IT by far (56%) has the most influence on B2B tech buying decisions according to respondents.

What sort of sales content helps close deals?

Buyers say product information like feature and functions, demos and best practices have the most value.   These outranked social proof signals such as case studies, peer testimonials and expert opinions.

This should not be a surprise because market research indicates “buyers might be anywhere from two-thirds to 90% of the way through their journey before they reach out to the vendor.”

The buyer at this stage in the deal wants the facts – not a bullet point about invented benefits marketing made up or customer testimonials – they’ve already seen that or wouldn’t be there.

Once a deal has been inked, how do you strengthen the customer relationship?  The majority, 56% said, build trust.  It’s a reminder that content marketing doesn’t end after a sale closes.

Additional reading: 


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2) Goals and Barriers in B2B Content Marketing

Goals, Barriers and Effectiveness of B2B Content MarketingMost B2B marketing organizations (66%) believe their content marketing is successful – and it’s trending up according to the 2016 State of Content Marketing report by Ascend2.  The study also found an overwhelming majority (89%) believe the effectiveness of content marketing is improving.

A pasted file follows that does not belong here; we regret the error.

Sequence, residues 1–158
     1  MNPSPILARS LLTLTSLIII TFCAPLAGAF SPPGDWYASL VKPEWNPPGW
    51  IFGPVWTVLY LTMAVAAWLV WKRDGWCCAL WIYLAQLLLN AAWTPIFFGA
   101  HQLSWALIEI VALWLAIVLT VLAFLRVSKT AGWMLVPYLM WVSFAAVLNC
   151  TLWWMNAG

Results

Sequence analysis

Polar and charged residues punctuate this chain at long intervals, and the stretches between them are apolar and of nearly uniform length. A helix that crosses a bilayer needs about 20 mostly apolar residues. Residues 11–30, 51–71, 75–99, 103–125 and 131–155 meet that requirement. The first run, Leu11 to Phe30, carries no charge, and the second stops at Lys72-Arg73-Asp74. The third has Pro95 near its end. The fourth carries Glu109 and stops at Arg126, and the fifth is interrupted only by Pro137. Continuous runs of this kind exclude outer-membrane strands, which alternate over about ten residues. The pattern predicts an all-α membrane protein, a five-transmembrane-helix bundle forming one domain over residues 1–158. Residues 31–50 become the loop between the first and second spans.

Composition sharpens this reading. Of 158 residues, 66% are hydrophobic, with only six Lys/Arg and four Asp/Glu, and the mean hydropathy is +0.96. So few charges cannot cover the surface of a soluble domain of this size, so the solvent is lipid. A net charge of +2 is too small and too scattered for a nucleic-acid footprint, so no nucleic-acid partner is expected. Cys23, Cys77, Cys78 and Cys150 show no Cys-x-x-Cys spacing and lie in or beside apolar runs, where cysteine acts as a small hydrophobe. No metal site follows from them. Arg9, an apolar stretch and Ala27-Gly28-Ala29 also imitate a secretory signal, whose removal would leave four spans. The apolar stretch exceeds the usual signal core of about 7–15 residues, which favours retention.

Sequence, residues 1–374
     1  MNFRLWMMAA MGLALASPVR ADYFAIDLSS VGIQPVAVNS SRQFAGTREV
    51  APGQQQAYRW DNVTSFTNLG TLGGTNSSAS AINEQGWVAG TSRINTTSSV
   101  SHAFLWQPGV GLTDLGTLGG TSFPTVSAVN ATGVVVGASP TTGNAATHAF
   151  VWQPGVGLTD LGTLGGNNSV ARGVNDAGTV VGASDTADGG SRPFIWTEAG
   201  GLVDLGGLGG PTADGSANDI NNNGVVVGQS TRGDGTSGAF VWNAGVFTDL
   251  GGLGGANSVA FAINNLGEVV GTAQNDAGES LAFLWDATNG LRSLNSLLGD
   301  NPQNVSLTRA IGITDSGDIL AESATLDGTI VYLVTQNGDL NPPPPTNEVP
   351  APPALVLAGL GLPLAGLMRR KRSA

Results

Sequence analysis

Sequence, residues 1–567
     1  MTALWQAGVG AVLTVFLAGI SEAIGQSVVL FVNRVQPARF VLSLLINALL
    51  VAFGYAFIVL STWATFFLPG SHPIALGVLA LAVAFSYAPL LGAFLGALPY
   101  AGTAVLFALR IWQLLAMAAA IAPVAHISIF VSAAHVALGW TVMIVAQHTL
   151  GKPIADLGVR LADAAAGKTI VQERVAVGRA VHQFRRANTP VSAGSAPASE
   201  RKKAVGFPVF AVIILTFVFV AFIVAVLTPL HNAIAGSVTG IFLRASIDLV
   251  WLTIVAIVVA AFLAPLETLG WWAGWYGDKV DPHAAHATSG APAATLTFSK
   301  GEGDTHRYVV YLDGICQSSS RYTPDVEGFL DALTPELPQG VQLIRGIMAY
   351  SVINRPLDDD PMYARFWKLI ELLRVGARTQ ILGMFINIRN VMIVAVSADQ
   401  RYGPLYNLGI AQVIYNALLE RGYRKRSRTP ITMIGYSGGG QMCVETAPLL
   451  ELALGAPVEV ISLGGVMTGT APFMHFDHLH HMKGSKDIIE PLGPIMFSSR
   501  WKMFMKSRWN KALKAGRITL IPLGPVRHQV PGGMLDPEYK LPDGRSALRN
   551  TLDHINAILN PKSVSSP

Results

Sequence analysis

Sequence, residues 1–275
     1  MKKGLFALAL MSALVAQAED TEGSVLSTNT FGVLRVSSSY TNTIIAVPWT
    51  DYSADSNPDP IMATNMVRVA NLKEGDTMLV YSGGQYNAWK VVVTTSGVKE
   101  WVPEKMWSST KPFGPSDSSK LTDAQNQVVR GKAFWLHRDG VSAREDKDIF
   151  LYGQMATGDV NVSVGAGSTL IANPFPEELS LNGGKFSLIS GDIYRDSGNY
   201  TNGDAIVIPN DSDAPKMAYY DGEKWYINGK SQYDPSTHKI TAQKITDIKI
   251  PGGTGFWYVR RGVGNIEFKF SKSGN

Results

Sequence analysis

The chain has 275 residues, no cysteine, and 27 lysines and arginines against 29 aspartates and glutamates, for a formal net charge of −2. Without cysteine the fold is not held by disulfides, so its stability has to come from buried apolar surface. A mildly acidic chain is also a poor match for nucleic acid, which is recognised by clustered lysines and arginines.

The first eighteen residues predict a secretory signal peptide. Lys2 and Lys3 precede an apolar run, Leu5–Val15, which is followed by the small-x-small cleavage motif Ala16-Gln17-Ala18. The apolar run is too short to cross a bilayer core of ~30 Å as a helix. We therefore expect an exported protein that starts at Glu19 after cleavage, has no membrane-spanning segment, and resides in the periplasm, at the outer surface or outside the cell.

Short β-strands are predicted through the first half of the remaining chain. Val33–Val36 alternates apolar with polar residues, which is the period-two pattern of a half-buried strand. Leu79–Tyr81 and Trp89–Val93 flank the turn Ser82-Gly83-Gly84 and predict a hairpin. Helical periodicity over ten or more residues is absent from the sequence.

“One reason for the uptick in B2B content marketing is a growing consensus among marketers that the discipline can be used to drive business results,” said eMarketer in an analysis of the study (link below).

According to the study, top goals are:

  • 58% said increase lead generation
  • 55% said improve customer engagement
  • 46% said increase brand awareness

If marketing thinks content marketing is going to drive lead generation, then I hope it has already nailed the awareness and engagement.  This is because awareness, engagement and trust are stages of a sales cycle that precede the transformation into leads.